Color Notations


John Jacobsen
Thursday, September 20, 2018

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Earlier post Painting and Time art

Later post Show at Northwestern University Prosthetics-Orthotics Center art

I have been experimenting with notations for color mixtures, so I can make notes about colors on the go without actually carrying a whole set of oil paints everywhere.

Here’s an example from a very quick sketch during tonight’s commute home:


Though it may look black and white, there are a dozen colors captured in this quick sketch. In this post, I briefly describe the notation.

The letters are based on my oil painting palette of late: usually,

name provider pigment number code
cremnitz white RGH PW 1 w
nickel (titanium) yellow Williamsburg PY 53 n
winsor (primary) yellow Holbein PY 74 y
raw sienna Gamblin PBr 7 s
transparent earth yellow Gamblin PY 42 t
venetian red Gamblin PR 101 v
cadmium red light Gamblin PR 108 c
pyrrole red Holbein PR 254 p
brown pink Williamsburg PR 101 -
spanish earth Williamsburg PR 102 a
quinacradone violet Gamblin PV 19 -
dioxazine purple Gamblin PV 23 -
cobalt blue Gamblin PB 28 o
(real) manganese blue Vasari PB 33 m
prussian blue Gamblin PB 27 r
ivory black Williamsburg PBk 9 b
viridian Gamblin PG 18 i
terre verte Gamblin PY 43, PG 18, PBk 9 e
raw umber Williamsburg PBr 7 u

Since there are fewer than two dozen colors, a single letter can be assigned to each pigment (the rightmost column shows my assignations as of this morning). I’d like to whittle the number of colors down even further, but I’m hooked on the various properties of each of these. Almost all of them are pure pigments… the only mixture is terre verte, which I love for its transparency, mass tone and utility in mixing cool midtones.

Occasionally I’ll throw in another pigment for special occasions, or start out with just a few for underpaintings, but usually I lay most of these out for any given painting session.

The notation, then, is very similar to that used for writing chemical compositions, which you might remember from high school chemistry: \(\mathrm{H_2O}\) is water, and \(\mathrm{C_{18}H_{32}O_2}\) is linoleic acid, one of the components of linseed oil.

For paint mixtures, we apply a similar rule: one letter per “element” (paint color/pigment), with an optional numerical suffix to indicate a correspondingly higher proportion (for simplicity we eliminate the subscripting of the numbers).

For example, king’s blue, which is typically white plus cobalt blue, is, in my system,


… i.e., roughly two parts Cremnitz (lead) white per part of cobalt blue.

Not every color I might use is assigned a letter. In this case, just write the pigment code in parentheses. For example, for an exact match for commercial king’s blue, I would use titanium white (PW-6) instead of the more transparent lead white; in this case, king’s blue is


Now let’s talk through the sketch at the top, location by location. The head is mostly backlit (contre-jour) with light from the window and some interior light inside the train.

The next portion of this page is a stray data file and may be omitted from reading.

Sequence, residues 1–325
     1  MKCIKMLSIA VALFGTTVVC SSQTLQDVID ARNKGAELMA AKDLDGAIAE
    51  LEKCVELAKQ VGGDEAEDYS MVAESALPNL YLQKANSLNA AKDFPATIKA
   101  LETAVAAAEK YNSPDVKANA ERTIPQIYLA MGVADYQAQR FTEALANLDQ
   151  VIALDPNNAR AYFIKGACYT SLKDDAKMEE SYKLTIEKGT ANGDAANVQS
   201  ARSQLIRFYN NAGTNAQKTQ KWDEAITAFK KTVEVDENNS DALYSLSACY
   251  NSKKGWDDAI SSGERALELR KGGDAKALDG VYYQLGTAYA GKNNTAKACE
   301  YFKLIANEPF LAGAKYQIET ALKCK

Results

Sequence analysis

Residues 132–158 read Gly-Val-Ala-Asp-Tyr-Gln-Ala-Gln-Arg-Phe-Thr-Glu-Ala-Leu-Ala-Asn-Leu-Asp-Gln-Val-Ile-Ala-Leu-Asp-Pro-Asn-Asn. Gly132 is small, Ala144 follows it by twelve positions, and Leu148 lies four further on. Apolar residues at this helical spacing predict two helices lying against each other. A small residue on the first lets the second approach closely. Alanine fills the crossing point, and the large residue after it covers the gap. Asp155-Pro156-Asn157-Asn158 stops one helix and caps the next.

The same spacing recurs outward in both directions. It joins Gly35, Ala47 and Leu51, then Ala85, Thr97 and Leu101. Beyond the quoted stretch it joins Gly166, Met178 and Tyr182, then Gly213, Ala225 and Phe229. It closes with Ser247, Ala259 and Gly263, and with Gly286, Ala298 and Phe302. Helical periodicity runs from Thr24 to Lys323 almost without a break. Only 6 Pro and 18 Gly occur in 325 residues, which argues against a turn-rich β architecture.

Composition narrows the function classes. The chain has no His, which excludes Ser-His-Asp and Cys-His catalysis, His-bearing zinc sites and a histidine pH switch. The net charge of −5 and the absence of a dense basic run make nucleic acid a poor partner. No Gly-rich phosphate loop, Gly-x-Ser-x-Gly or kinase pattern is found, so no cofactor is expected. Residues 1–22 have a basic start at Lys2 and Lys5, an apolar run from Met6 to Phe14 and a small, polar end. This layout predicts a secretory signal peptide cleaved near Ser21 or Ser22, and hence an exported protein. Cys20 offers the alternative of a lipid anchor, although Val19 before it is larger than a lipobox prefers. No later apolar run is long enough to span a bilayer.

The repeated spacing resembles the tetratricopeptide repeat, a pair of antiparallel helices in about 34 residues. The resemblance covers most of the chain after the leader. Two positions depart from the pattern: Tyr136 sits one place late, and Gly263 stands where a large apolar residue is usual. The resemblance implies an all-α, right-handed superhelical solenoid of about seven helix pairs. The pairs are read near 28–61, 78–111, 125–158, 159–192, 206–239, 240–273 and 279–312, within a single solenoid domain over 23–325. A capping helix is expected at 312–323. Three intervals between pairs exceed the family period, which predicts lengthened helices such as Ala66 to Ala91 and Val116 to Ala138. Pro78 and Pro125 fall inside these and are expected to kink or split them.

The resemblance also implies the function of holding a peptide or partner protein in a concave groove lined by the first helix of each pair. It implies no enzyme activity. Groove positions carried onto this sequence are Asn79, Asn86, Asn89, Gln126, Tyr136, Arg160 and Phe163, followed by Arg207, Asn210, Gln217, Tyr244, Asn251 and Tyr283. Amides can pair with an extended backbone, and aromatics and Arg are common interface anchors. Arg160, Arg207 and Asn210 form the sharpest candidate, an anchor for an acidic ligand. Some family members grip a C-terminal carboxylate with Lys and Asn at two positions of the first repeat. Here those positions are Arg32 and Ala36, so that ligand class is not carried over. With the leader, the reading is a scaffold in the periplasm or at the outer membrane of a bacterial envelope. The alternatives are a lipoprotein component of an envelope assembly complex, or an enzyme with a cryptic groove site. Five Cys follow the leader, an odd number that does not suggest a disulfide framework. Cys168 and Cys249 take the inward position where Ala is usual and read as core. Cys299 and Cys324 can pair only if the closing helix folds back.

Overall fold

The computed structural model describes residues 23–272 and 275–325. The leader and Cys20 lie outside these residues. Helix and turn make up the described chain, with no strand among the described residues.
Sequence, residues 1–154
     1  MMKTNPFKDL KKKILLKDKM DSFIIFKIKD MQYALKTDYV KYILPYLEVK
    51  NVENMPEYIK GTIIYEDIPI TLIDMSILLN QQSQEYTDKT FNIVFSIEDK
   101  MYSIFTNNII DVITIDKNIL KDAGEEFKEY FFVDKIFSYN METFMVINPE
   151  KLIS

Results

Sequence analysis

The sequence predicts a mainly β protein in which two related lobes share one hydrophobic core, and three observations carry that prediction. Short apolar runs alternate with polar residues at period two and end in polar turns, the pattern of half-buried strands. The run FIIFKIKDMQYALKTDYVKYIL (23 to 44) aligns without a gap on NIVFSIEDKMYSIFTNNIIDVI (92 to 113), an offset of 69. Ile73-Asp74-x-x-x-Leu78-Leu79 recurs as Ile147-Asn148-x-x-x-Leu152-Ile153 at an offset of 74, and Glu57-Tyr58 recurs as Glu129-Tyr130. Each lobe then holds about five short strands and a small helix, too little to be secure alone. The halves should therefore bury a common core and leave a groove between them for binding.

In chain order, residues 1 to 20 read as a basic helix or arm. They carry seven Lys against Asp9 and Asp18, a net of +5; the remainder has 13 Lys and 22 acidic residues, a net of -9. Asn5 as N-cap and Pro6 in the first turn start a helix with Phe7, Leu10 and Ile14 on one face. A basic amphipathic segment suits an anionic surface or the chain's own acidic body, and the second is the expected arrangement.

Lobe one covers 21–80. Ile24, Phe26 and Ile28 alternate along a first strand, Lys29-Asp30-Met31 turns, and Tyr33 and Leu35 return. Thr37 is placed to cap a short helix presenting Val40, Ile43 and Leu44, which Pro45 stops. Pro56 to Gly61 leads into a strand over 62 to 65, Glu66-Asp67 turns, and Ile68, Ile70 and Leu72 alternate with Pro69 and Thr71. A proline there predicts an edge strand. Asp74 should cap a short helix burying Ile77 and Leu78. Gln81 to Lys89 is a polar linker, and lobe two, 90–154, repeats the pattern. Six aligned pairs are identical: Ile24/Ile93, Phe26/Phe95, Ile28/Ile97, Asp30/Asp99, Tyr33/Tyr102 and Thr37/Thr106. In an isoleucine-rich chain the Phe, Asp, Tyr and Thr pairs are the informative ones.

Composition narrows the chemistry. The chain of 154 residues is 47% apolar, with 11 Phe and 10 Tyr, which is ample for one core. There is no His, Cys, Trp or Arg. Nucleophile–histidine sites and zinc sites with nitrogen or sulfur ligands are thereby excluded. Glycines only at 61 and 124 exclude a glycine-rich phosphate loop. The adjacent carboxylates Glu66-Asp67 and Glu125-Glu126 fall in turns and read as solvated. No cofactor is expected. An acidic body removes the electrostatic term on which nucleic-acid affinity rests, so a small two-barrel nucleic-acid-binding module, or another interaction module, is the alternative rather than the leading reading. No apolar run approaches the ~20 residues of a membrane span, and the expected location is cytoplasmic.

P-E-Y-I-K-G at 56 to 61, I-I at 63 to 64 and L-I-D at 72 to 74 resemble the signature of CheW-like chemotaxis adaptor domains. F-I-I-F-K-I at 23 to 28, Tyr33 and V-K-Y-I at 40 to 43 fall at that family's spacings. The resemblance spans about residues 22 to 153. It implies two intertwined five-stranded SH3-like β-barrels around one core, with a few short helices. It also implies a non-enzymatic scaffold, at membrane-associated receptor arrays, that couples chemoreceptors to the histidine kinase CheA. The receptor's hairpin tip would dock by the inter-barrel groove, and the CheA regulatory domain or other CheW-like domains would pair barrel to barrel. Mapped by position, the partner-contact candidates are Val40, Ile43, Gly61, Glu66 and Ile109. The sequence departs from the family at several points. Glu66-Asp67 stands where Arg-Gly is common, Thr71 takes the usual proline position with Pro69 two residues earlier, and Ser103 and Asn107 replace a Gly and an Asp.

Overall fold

• Hair on top of head, b4uw: four parts black, plus raw umber and white.
  • Fairly flat area of color on forehead, eta: terre verte plus transparent earth yellow plus Spanish earth.
  • Left upper highlight, w4(PV19) - mostly white with a bit of quinacradone violet.
  • Forward/top plane of nose, w(PV19)s: white, quinacradone violet, raw sienna.

For the ear, we use a variant of the notation which has light, mid tone, and dark values, stacked (in parentheses):


… which means,

  • Light: venetian red + white
  • Mid tone: pyrrole red + nickel titanium yellow
  • Dark: quinacradone violet + white

For the lips I could see, roughly, light and dark values:

w1a1(PV19)1 [the 1’s are superfluous]

i.e., two portions white per quinacradone violet for light, and white, Spanish earth and quinacradone violet for the dark.

Are you serious about all this?

This may seem like a lot of work, or hard to remember. The notation is highly personal, though – your palette and your notation will be different, and you will remember yours better than mine. I do find it interesting that in just a few minutes I was able to make a study recording a dozen color decisions with just paper and pencil. One could work up a simple portrait on this basis alone (especially if the sketch were a little more complete).

This will be hard to do unless you’ve painted enough with your palette to have some knowledge about how your colors behave when mixed with each other. It is a good way to practice thinking about color when out in the world and away from the easel. Like preparing for drawing from memory, it’s something you can do just about anywhere.

This is a work in progress: since I used quinacradone violet multiple times in my sketch, I am hereby officially dedicating the letter q to that pigment. Maybe Williamsburg brown pink can be k (originally reserved for my chalk putty medium, which maybe I don’t need a letter for). Dioxazine purple can be d. As my palette evolves (as they tend to), I expect to swap around my letter assignations … and will have to remember to write down a key now and then so I can still “decode” my notations in years to come.

Earlier post Painting and Time art

Later post Show at Northwestern University Prosthetics-Orthotics Center art

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